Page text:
has or have? 
Posted: 25 March 2007 09:31 AM   [ Ignore ]
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Writing an essay about some ancient weight-like objects, I found myself at something of a loss. I wrote the passage ..."none of them has any mark which might relate them to any particular period”.... but it didn’t sound right, and I changed the second “them” to “it”. Now I am wondering whether I should alter this to “none of them have any marks which might relate them to any particular period”. But this doesn’t sound quite right --- and I think it alters the meaning slightly, too, lumping them all together. Since, as I understand, “none” derives from “not one” or “no one”, I’m thinking of sticking with the singular throughout --- but being as ignorant of the rules of grammar (if there are any) as I am (or was, B.W.*) of etymology, I’d like to hear from the mavens. Is “none of them have” acceptable currency? What about “none of them have been examined” vs. “none of them has been examined”? Despite “no one”, I’d go instinctively for “have”, not “has”, in this case. 

(I know this isn’t etymology, and I shan’t feel bad if my posting is expunged, or ignored. It’s not obscenity either, but I can fix that)

* B.W. = before wordorigins.org

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Posted: 25 March 2007 09:54 AM   [ Ignore ]   [ # 1 ]
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"None” can be either singular or plural, says MWDEU ... and I agree FWLIW.

I like either of the following. I recommend choosing whichever one best fits the intended meaning or whichever one seems to look/sound better.

[plural “none"] “None of them have any marks which might relate them to any particular period[s].”

[singular “none"] “None of them has any mark which might relate it to any particular period.”

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Posted: 25 March 2007 10:28 AM   [ Ignore ]   [ # 2 ]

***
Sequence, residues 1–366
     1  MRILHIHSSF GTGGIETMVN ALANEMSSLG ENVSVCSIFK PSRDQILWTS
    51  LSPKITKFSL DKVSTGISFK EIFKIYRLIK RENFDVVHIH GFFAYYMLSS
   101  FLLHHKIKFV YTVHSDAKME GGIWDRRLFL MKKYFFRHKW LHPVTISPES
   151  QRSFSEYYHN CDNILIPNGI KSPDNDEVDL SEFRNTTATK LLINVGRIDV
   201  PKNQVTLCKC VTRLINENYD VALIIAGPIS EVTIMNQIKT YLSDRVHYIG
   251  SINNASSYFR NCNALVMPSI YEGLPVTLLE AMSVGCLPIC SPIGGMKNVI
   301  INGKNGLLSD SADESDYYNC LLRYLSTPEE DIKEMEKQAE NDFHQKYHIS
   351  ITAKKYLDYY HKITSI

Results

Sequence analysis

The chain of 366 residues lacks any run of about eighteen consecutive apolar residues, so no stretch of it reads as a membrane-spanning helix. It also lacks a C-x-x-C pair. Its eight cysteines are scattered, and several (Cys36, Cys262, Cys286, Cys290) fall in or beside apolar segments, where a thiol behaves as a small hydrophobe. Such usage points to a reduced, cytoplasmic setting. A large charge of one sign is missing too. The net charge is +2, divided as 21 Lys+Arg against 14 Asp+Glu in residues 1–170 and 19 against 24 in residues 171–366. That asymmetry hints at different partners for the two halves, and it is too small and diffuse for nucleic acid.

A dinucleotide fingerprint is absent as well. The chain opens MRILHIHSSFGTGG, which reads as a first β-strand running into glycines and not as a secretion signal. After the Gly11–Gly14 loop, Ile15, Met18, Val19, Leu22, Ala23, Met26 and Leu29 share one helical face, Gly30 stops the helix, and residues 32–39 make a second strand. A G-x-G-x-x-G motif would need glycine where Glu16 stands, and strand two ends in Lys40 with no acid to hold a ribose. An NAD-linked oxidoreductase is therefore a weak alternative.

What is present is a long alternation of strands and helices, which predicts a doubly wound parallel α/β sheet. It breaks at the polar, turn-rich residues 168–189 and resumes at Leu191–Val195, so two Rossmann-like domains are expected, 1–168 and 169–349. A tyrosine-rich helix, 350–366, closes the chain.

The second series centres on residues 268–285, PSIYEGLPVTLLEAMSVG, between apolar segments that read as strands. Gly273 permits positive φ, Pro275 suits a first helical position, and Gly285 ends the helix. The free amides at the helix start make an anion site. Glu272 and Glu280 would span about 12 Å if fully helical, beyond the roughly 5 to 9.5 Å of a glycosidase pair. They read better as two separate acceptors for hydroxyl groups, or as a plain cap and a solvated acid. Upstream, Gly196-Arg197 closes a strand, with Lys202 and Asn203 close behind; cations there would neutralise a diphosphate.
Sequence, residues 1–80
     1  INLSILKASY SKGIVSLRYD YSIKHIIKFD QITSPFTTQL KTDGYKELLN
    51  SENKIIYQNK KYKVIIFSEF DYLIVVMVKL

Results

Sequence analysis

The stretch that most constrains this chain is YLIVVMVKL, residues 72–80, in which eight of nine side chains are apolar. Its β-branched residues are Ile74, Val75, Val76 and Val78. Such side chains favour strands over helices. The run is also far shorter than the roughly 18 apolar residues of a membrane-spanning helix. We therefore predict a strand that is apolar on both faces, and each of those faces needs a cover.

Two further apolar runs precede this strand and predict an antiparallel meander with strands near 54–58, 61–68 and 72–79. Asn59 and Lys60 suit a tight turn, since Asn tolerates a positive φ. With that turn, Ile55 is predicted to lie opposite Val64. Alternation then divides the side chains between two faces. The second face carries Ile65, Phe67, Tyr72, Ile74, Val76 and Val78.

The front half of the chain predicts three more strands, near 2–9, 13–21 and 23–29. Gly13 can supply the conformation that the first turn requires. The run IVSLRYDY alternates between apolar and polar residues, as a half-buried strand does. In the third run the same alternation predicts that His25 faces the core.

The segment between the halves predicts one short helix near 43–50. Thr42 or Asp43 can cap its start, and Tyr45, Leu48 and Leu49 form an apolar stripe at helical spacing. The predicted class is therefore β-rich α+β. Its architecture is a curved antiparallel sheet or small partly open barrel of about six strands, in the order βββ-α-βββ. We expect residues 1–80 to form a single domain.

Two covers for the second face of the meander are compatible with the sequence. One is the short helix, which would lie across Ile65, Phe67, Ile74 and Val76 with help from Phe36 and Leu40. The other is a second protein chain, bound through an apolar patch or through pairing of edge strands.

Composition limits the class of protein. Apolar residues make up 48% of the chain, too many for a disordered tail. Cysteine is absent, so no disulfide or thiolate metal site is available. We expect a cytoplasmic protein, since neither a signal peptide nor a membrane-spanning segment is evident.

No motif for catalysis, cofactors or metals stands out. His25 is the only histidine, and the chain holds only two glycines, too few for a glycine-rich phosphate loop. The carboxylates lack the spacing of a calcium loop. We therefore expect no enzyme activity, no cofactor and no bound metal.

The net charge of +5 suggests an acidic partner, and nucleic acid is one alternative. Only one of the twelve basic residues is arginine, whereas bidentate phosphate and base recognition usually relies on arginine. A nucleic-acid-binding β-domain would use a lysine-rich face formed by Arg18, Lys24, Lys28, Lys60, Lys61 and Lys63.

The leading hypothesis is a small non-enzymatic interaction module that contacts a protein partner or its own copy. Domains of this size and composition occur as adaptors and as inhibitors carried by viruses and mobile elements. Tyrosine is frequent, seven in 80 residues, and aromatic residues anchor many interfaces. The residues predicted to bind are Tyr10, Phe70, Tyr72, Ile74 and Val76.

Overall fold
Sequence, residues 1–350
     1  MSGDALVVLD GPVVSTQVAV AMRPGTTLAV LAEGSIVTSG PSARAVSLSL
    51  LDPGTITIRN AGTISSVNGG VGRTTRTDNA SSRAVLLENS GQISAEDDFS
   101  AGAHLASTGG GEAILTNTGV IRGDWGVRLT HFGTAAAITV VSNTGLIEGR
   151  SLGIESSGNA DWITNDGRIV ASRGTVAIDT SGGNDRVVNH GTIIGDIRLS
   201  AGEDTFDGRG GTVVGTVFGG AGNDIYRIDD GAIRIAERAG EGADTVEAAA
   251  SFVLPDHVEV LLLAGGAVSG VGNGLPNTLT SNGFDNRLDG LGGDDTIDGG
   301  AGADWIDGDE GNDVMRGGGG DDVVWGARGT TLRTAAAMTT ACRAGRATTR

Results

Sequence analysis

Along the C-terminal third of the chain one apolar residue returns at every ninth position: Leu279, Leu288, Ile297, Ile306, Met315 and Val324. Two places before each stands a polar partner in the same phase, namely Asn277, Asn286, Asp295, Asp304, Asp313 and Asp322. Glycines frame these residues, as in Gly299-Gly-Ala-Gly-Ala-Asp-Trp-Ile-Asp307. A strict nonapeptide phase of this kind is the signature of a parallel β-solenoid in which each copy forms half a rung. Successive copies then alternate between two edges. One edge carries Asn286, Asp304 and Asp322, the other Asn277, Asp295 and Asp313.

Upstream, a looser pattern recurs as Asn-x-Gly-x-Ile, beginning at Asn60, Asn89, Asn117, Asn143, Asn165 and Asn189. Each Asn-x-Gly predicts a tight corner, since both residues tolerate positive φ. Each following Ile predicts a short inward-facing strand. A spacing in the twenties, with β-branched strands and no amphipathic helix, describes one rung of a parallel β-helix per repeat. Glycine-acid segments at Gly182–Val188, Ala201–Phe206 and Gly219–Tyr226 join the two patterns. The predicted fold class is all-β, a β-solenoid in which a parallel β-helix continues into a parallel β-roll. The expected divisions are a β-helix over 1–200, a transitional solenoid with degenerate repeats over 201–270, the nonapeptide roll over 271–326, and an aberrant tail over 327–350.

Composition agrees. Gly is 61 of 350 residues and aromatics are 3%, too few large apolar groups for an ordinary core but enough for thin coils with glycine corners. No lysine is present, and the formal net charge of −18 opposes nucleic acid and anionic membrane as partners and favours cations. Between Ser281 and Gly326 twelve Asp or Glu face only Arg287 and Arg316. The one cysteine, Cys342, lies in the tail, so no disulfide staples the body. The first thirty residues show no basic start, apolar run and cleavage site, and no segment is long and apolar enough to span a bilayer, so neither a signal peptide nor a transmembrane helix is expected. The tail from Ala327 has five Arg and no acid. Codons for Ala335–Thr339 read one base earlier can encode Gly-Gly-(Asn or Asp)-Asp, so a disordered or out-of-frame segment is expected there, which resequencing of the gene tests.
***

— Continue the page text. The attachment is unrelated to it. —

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I agree with D Wilson (and the MWDEU)—this is one of those indeterminate corners of English where there is no one right answer.  Me, I’d go with the plural just because it sounds better to me in this case, but you should use whichever sounds better to you.  (Please don’t worry about the origin of “none”; etymology is irrelevant to current usage, unless you want to start using “bead” to mean ‘prayer.’)

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Posted: 25 March 2007 12:45 PM   [ Ignore ]   [ # 3 ]
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OTOH, in this case the origin points up another possible way of phrasing the sentence that might offer a better solution to the problem.  If you don’t want to lump them all together, and in particular if you don’t want to imply that they all come from the same (undetermined) period, you could say “Not one of them has any mark which might relate it to any particular period.” Presto, no ambiguites about subject-verb agreement, no problems with the pronoun not fitting comfortably with its referent, and no subtle implication that they are all contemporaneous.

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Posted: 26 March 2007 04:25 AM   [ Ignore ]   [ # 4 ]
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Thank you, all. Your remarks were helpful, and I enjoyed considering them.

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Posted: 26 March 2007 11:43 AM   [ Ignore ]   [ # 5 ]
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An old saying referring to a childless or friendless person:
None to leave and none to grieve.  Not that that has any relevance at all.  I just like the sound of my own computer.

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Posted: 26 March 2007 12:36 PM   [ Ignore ]   [ # 6 ]
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I like the sound of your computer too.  A very pleasant purr.

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Posted: 27 March 2007 02:18 PM   [ Ignore ]   [ # 7 ]
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Or, just for anyone here who is both childless and friendless through circumstances beyond their control, the old bachelor motif:

“No worries, more curries!”

:)

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Posted: 28 March 2007 05:09 PM   [ Ignore ]   [ # 8 ]
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I have always liked Dr Techie’s method. If it is confusing, change the wording. No one should have a problem with that.

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